Saturday, October 17, 2009

General McChrystal, the gentler gamester

As chronicled in this week's Times Magazine profile, General Stanley McChrystal, commander of NATO forces in Afghanistan, is taking the current counterinsurgency imperative to win hearts and minds to a new level:

In his first weeks on the job, McChrystal issued directives instructing his men on how to comport themselves with Afghans (“Think of how you would expect a foreign army to operate in your neighborhood, among your families and your children, and act accordingly”); how to fight (“Think of counterinsurgency as an argument to win the support of the people”); even how to drive (“in ways that respect the safety and well-being of the Afghan people”). At the heart of McChrystal’s strategy are three principles: protect the Afghan people, build an Afghan state and make friends with whomever you can, including insurgents. Killing the Taliban is now among the least important things that are expected of NATO soldiers.

The approach to occupation is not exactly new. Compare Shakespeare's Henry V in the midst of his campaign to assert his sovereignty over France, approving the execution of his former friend Bardolph for stealing a holy tablet:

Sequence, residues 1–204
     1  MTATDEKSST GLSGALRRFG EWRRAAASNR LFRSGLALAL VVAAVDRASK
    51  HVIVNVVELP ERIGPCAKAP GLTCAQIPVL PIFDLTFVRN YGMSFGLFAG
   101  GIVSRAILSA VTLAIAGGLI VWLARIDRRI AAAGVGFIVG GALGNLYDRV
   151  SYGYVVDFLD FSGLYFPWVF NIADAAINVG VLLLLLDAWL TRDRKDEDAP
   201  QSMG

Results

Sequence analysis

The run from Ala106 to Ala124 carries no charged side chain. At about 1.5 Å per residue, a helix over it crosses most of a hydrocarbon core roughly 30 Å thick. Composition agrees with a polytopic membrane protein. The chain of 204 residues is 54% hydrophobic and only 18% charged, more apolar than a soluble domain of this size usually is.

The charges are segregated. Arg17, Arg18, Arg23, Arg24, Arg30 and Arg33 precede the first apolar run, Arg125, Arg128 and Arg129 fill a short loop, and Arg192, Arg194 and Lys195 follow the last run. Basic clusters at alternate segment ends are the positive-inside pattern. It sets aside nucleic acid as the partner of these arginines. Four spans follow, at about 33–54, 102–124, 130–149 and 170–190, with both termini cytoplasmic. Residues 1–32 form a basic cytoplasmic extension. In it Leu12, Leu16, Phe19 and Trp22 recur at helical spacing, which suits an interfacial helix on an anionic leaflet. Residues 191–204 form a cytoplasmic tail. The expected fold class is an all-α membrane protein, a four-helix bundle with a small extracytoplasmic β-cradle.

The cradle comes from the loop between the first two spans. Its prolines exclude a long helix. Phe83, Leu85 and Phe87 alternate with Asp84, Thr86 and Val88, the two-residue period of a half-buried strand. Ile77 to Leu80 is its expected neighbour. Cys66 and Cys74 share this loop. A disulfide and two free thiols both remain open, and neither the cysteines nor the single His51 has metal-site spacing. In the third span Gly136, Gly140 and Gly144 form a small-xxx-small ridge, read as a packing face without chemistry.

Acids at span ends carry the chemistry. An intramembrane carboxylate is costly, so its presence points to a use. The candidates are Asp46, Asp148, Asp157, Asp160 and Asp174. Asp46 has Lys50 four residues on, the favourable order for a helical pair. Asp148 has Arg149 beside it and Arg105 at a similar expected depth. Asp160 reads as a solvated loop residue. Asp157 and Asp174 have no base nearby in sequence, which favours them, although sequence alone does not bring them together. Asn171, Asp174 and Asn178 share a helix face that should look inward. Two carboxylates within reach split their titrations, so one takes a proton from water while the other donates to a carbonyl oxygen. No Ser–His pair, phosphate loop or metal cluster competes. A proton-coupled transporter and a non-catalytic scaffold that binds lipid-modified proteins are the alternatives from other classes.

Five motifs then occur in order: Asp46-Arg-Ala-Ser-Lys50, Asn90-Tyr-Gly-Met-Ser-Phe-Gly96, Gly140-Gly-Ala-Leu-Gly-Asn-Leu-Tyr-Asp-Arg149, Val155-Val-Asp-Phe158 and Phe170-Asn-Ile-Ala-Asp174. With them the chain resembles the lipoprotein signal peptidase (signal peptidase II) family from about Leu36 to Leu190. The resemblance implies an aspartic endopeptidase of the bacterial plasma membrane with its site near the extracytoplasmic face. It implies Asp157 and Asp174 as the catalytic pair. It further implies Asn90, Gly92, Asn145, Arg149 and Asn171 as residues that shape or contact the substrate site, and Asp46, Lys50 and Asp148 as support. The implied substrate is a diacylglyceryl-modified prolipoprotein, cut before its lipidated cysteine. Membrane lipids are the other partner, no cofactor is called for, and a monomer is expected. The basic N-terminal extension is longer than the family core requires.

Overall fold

We would have all such offenders so cut off: and we
give express charge, that in our marches through the
country, there be nothing compelled from the
villages, nothing taken but paid for, none of the
French upbraided or abused in disdainful language;
for when lenity and cruelty play for a kingdom, the
gentler gamester is the soonest winner (III. vi. 107-113).
Henry did eventually win effective sovereignty over France, though he died before he could be crowned, and his adversary the French-born Charles VII was crowned in 1429 (thanks to the galvanizing tactics of mujahideen Joan of Arc), fourteen years after Henry's first invasion. The Brits were driven out for good in 1453 -- 38 years after this order to win hearts and minds was allegedly delivered in Picardy.

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